A Homily for the Third Sunday after Pentecost
Grace to you and peace from God our Heavenly Father and Christ Jesus our Lord, who calls us to follow him even unto Jerusalem. Amen.
As a Junior ROTC cadet in high school, I had the opportunity to attend a summer camp at an old air base in Salina, Kansas. We lived in the barracks, did push ups, ate at the mess hall, got yelled at, did push ups, flew in a Black Hawk helicopter, and did more push ups – all in the July heat of the Kansas prairie while wearing long pants, a field jacket, heavy-duty leather boots, and several pounds of gear and water harnessed around our shoulders. It was a blast.
Each year, we would load onto a bus and go out a large patch of grassland for a crash course in map reading and orienteering. We learned and re-learned how to find an eight digit grid coordinate, shoot an azimuth on a compass, and measure distance traveled via our hundred-meter pace count. In theory, it’s all quite simple. While sitting under the shade of a tree, the “classroom” portion made perfect sense so long as you remember a few key rules: maps are read to the right and then up, azimuths are measured clockwise, make sure you keep track of your step count, and even some fifteen years later, I could probably still do a fair job on a written test.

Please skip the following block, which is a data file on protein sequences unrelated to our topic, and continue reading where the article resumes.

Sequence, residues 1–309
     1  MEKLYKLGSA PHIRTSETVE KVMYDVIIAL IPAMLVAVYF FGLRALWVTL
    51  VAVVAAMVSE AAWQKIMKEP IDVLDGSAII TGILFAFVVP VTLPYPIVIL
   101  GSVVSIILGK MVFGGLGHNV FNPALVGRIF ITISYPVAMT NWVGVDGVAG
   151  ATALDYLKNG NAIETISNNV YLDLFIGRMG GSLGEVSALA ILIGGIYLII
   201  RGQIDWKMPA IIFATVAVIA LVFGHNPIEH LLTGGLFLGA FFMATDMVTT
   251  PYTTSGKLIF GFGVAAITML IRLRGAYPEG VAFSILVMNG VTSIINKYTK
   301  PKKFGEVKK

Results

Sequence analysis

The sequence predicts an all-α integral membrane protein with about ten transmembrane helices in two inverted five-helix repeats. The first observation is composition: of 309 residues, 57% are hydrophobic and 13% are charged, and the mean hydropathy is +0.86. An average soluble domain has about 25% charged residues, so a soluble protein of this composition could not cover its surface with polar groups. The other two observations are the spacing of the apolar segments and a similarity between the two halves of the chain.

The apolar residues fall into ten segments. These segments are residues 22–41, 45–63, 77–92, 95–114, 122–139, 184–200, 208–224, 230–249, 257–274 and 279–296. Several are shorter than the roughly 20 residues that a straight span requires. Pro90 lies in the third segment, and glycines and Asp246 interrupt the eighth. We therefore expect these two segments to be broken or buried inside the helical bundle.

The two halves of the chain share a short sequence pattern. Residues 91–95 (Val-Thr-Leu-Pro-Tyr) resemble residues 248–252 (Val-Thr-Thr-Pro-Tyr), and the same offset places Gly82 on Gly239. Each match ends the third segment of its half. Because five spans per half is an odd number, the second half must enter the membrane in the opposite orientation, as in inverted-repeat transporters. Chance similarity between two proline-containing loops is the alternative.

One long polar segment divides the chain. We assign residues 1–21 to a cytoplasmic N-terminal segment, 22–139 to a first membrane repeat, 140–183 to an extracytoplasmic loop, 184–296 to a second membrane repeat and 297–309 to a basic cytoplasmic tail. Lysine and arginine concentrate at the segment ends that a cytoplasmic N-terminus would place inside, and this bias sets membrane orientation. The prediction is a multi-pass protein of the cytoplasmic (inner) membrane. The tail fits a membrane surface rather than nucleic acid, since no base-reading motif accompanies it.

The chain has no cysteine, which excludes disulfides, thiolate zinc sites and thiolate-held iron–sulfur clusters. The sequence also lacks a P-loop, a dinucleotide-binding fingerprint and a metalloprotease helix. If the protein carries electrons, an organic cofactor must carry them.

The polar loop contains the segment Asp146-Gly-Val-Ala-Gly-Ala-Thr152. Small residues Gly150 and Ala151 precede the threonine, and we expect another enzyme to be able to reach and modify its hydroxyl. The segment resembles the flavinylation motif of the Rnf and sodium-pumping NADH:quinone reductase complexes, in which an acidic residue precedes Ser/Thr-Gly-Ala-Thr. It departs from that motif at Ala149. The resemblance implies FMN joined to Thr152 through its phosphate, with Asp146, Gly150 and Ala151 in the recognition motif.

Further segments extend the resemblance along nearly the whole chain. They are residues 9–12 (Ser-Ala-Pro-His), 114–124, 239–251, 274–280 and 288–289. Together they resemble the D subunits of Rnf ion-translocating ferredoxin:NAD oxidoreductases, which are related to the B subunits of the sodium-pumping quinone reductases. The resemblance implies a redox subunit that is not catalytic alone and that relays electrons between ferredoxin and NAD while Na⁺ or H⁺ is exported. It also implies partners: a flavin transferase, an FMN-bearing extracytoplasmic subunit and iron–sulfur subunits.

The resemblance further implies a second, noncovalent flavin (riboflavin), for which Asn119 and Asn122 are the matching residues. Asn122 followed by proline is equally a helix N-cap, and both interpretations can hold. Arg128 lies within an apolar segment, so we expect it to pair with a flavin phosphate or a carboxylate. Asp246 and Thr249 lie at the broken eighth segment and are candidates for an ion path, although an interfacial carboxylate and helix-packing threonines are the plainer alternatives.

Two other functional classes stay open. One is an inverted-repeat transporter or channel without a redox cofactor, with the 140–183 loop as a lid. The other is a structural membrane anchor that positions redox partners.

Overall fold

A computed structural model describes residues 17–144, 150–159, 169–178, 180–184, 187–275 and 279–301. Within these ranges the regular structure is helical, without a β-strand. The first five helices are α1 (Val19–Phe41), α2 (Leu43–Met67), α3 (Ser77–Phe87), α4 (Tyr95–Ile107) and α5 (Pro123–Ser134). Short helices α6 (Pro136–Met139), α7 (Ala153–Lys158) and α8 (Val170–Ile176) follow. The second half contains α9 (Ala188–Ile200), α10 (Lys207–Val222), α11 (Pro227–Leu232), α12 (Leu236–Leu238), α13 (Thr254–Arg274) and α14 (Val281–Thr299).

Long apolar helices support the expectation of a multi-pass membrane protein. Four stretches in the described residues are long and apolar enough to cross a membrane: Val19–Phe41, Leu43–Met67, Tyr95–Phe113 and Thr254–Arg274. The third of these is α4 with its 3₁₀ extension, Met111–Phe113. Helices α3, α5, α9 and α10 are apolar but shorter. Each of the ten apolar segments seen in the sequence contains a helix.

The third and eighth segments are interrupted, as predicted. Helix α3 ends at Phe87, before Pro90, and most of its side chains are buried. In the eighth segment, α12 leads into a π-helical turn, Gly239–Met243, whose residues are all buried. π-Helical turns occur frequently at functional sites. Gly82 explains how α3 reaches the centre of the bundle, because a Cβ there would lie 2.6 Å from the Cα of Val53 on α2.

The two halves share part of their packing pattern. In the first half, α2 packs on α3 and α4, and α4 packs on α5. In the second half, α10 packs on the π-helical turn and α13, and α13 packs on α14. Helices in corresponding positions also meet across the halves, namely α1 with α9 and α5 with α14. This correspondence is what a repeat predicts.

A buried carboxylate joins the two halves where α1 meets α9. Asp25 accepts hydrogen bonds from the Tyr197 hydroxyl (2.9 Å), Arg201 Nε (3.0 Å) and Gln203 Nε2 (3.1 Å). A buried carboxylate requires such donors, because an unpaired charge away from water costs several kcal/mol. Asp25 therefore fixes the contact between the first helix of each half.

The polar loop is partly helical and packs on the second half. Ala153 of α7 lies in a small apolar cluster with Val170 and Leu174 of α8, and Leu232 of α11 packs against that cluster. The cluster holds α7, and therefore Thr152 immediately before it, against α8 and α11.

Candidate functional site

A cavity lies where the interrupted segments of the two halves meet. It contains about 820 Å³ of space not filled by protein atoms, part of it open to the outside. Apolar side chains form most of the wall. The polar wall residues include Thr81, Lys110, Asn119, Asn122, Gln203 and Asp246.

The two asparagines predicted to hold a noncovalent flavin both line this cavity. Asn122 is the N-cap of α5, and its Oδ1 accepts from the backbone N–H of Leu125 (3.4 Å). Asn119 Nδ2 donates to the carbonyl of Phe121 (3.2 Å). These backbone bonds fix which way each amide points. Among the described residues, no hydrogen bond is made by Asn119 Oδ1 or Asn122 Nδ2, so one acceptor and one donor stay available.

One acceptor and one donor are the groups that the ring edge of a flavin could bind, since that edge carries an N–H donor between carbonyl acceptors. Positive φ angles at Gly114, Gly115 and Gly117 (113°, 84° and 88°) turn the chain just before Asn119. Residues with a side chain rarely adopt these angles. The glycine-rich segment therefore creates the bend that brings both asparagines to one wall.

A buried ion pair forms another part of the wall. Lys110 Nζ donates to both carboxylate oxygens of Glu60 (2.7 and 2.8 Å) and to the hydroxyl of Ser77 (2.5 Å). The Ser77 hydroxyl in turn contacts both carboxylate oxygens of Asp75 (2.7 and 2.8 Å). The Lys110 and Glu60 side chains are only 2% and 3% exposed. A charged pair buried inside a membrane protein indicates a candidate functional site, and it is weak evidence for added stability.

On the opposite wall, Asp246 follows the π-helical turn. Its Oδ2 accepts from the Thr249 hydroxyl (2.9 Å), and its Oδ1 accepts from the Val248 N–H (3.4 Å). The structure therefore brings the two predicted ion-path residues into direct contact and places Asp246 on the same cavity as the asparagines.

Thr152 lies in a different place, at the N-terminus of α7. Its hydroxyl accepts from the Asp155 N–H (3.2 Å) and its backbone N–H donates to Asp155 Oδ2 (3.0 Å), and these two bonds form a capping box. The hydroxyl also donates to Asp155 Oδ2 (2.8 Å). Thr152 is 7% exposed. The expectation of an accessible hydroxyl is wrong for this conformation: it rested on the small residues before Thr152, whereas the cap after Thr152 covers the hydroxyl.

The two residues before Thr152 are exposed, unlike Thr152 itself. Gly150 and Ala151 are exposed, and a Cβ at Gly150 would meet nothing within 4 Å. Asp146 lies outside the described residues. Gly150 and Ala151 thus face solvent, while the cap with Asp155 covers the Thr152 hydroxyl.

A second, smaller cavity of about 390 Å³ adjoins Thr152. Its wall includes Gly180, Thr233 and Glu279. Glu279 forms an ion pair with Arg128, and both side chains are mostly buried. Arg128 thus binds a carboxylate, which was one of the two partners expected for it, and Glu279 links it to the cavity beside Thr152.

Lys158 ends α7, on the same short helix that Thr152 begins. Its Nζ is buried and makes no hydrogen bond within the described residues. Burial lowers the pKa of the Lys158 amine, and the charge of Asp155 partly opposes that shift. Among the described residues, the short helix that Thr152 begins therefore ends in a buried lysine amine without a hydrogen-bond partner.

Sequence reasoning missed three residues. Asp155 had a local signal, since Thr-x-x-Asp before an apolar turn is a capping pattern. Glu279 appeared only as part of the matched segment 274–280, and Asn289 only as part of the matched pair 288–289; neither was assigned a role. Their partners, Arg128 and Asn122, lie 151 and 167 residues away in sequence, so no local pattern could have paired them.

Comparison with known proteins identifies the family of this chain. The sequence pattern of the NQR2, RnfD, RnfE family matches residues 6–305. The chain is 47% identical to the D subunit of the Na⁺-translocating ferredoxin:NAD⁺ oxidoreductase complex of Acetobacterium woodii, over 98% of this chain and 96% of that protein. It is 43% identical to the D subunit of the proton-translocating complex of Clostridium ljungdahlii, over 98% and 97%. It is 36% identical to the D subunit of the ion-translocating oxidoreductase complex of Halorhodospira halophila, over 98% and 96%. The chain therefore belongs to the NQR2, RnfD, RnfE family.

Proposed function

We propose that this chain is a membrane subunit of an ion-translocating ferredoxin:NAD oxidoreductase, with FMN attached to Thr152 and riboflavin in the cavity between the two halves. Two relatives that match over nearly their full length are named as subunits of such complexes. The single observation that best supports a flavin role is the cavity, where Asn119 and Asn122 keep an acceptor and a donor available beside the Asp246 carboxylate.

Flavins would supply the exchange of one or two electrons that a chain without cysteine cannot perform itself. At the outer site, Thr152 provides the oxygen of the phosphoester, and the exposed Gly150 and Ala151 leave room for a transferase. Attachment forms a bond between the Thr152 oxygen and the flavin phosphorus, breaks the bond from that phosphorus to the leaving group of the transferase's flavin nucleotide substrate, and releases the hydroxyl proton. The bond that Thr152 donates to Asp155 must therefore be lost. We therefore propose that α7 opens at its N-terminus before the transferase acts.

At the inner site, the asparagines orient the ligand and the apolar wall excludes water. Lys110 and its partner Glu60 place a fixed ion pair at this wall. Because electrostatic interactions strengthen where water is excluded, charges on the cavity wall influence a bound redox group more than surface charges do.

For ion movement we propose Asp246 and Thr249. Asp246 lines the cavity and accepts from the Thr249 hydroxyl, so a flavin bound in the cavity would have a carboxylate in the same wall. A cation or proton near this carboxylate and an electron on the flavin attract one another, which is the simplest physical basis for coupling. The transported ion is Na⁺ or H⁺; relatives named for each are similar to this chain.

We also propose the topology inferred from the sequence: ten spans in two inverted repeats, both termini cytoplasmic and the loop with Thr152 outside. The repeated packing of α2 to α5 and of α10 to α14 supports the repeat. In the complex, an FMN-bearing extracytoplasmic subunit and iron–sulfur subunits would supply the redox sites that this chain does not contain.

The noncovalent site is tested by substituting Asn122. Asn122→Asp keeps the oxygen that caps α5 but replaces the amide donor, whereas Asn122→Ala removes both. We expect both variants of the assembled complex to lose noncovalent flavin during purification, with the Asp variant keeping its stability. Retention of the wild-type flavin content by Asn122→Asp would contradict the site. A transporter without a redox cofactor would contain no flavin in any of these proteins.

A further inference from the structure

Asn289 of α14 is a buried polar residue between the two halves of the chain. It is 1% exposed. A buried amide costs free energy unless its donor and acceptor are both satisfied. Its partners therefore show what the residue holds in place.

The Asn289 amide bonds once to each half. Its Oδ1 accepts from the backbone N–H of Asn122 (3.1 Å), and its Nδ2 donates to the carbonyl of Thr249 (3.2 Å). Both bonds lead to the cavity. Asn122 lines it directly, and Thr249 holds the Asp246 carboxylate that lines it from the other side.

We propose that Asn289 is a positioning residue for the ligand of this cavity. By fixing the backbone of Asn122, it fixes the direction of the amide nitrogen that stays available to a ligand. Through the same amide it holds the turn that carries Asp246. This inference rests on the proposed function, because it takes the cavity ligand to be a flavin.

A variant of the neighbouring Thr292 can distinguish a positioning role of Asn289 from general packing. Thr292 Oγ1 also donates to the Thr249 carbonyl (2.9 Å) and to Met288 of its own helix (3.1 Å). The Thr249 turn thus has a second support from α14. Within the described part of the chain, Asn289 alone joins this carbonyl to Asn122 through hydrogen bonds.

Once we had that down, it was time to put it into practice in the parking lot. And you know what? Land navigation on a flat gravel surface is really easy! Grid coordinates for the nearest intersection? Got it. Azimuth to that water tower? No sweat. Distance from the bus to the water cooler? Easy.
But then they sent us out on the course in the wilderness, full of sudden dips and rises, briar patches, and groves of low trees. Suddenly, the goal that seemed so simple on the gravel was nearly impossible. One student would shoot an azimuth and send another cadet out a hundred meters at a time, holding the compass and gesturing left and right to make sure we were heading in exactly the right direction – but if you’re not holding the compass right, you don’t realize you’re three degrees off. And the cadet who is out in the distance doesn’t realize they miscounted their steps because they tripped on a rabbit hole. And all of you have been distracted by a fear of resident rattlesnakes and watching the cargo planes flying overhead in the distance dropping flares. You set your mind to the task as though setting your hand to the plow, but then you look back. Soon, you arrive at a patch of trees where you’re expecting to find your marker and realize there’s nothing there. But there is a flag five meters ahead to the east and another flag three meters south. All I can say is I’m glad the stakes were so low. (And that the other teams did worse than us – they read the map up and to the right, and ended up on a random road. They got back fifteen minutes late and had to do more push ups.) No one who sets their azimuth and looks back is fit to beat the land nav course.
“When the day drew near for him to be taken up, Jesus set his face to go to Jerusalem.”
And the crowed wants to follow him. Who wouldn’t? At this point in Saint Luke’s narrative, Jesus has driven out unclean spirits and healed many, promised blessings to the poor and oppressed, calmed the storm, fed the five thousand, and even raised the dead! We’re on the tail-end of the Transfiguration today, that miraculous sign when Christ was revealed in all of his divine glory. The Gospel up until ow has been mostly stories of God’s power.